Posts Tagged ‘Freewrite’

Freewrite

Excuse me, but this is rambling and rabbit-trailing. You’ll find some amusement, maybe. Just remind yourself that it is a condition of the Midnight Disease, and move on from there. You have been warned about it.

Tiny sensations of broken glass across the chalkboard of a soul gone sour from the constant attentions of a chaste torturer. Like a wave of time and light and space expanded out into an indeterminable vastness of watching life go by with jaded eyes and constrained lips.
Never again to see the light of an untouched sun, or to feel the warmth of a regular moon. Always they will be a sad, swarmed, similar reminder of someone who touched the sun and stole the moon and laid them both to rest in tongues of fire underneath a sunset sky. Crematorium in the loosest sense of the word; just a pile of brambles behind a broken down shed that served dual-purpose as a hovel in which to spend hours among friends.
But now the shed is gone, burned up in that self same inferno that eclipsed the sun and broke the moon into tiny dimes and nickels that scattered among the rose petals and wood chips of the workshop floor. An entire childhood condensed into one smell and one longing.
One longing that never can be reached, and sounds more noble when spoken of than when really thought about. So don’t think about it, just pretend that you’re missing a love or that you wish that you hadn’t said that thing then, or this thing now. Just pretend that you aren’t going to go back and have the same feeling again and again on your way home through the darkness.
That’s the thing about darkness, though. When you know that you have a friendly darkness – not one that houses monsters and hides men with murder on the mind and ill-repute on the record – when you have a friendly darkness full of all the night sounds and smells and feelings, that’s when you can walk in safe solitude. The loneliness of someone who’s on their way home and knows that the light will be on and the laughter will be rolling through the door. It’s all ready to be opened and let out into the night. Then come inside to the din along with the glitter-bugs and the moths that are drawn to the overhead light as much as you are drawn to the glowing people.
You all know those people that I mean. The ones that test all your faculties to keep up with their jokes and small braveries. The ones that teach you new ways to be productive and still caring. The ones that have so much fun that you can’t help having a better day for having talked to them at lunchtime.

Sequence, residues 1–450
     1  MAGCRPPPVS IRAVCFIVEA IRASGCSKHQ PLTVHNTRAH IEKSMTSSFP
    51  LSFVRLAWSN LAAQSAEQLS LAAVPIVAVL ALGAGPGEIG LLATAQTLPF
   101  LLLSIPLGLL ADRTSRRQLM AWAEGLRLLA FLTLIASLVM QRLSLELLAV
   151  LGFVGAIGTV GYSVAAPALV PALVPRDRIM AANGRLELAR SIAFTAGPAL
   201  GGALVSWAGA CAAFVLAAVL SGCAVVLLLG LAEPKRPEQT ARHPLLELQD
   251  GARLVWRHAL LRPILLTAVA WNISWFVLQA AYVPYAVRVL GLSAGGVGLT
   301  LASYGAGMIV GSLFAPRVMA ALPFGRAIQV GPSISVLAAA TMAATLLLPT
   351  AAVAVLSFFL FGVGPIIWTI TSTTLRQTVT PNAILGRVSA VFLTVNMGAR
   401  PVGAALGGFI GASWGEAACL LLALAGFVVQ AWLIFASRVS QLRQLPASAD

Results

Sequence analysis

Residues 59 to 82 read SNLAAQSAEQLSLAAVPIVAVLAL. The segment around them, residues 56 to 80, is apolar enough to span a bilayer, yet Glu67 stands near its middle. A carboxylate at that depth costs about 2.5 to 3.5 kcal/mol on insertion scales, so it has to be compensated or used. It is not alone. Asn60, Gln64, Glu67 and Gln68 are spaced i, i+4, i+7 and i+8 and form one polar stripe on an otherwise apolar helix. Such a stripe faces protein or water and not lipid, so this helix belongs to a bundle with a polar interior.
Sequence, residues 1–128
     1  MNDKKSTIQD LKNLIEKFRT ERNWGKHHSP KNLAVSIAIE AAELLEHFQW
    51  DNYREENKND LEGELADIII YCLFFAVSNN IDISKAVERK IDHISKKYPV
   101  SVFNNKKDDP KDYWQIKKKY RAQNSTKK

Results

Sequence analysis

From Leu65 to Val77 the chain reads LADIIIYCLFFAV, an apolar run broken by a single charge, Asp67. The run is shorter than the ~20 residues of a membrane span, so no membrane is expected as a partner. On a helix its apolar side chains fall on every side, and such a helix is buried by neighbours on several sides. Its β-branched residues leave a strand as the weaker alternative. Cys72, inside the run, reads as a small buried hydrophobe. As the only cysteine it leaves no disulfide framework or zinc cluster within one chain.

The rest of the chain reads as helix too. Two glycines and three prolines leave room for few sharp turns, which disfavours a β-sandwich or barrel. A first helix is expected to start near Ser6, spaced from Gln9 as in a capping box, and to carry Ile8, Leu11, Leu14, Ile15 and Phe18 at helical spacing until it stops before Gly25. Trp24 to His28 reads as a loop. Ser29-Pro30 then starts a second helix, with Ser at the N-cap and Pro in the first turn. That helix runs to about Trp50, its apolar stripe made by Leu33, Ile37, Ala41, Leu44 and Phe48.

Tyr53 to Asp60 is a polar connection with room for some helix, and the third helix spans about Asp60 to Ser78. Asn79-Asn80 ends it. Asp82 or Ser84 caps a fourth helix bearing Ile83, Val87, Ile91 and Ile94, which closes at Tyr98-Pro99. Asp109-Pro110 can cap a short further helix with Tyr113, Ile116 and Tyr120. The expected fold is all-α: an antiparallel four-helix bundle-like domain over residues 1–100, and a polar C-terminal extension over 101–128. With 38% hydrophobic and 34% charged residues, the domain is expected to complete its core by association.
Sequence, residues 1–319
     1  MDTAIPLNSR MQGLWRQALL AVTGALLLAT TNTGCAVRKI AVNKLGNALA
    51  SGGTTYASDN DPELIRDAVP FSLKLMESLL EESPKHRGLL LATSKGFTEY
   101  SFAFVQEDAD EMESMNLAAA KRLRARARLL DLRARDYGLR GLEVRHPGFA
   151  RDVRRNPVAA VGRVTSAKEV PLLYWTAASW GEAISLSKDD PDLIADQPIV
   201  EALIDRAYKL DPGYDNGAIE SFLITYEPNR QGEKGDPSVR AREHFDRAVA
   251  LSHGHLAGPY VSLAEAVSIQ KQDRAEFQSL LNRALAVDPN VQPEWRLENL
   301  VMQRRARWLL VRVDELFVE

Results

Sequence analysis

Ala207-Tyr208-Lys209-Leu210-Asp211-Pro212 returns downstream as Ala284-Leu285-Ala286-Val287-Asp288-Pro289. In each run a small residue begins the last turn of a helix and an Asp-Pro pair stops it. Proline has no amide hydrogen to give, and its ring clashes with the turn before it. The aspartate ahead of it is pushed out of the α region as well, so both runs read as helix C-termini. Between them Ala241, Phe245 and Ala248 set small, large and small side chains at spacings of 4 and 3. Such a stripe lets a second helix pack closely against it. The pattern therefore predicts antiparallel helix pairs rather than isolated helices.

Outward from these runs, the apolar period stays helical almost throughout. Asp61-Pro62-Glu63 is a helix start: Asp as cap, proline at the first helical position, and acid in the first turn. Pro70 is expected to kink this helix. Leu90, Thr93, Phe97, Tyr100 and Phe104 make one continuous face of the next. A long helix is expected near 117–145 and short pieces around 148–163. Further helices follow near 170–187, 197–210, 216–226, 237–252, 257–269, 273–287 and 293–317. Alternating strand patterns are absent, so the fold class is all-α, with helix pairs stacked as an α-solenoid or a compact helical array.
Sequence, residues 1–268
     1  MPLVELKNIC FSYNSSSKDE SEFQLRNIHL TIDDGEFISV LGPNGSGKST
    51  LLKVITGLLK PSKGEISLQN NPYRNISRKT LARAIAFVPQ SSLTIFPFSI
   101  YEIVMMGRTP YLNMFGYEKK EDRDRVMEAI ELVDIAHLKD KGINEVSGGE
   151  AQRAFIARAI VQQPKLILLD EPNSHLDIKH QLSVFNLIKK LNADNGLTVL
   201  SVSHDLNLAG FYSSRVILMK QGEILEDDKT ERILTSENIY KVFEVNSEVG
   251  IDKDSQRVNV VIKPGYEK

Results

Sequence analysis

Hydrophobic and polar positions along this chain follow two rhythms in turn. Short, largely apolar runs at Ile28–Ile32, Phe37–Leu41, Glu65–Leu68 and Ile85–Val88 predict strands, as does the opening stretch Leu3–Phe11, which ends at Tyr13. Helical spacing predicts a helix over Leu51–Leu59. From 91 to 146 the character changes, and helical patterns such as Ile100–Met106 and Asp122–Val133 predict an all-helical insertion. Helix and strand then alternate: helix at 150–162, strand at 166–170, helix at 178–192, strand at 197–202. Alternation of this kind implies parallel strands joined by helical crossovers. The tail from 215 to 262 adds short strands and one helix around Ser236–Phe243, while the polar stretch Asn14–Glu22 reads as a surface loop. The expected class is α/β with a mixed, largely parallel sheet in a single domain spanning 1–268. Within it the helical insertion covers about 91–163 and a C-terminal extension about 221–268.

He always says that he isn’t going to keep on doing this every year. He isn’t going to come back to help those kids and their newest friends to learn and grow. But then he comes back from a five mile hike at five in the morning and tells me about how much fun he had, and how he helped that one kid get over his homesickness by playing his guitar. He’s a guitar player, this friend of mine that would never admit to being as cool as I saw so many times. He’s a really amazing guitar player and I can’t see how to do it; he just makes it look so easy.
And then there are all the other people that you know. Like those people that you shove into your little boxes when you first shake hands. The ones that keep surprising you when they jump out of their boxes and begin to dance. By the time that you realize that you were wrong about where you put them, they’ve already climbed into the right slot and started cracking jokes with their new neighbors.
But before I continue – rather, I shall not continue; those people won’t let me brag too much, otherwise they might think the masses are listening to me – I would like to muse on another subject.
Age has a way of doing things to a person. Even before you’ve seen half of your life, you begin to feel incredibly old. Then you look at pictures of people that are dead by now, and you feel akin to them in age, even though the smiling faces of the picture is older than your parents.
Pictures are one of those funny inventions that have gotten so many forms of complaint and misuse and still are so high on the list of means of remembrance. They still think that a picture is worth a thousand words, even though I have seen many that aren’t worth the time it takes to print them, and even more that told me an entire life story without so much as a tear falling from one eye in the crowd. Pictures that teach me how to do a job even though I’m not sure which one of the forty people held that job before me.

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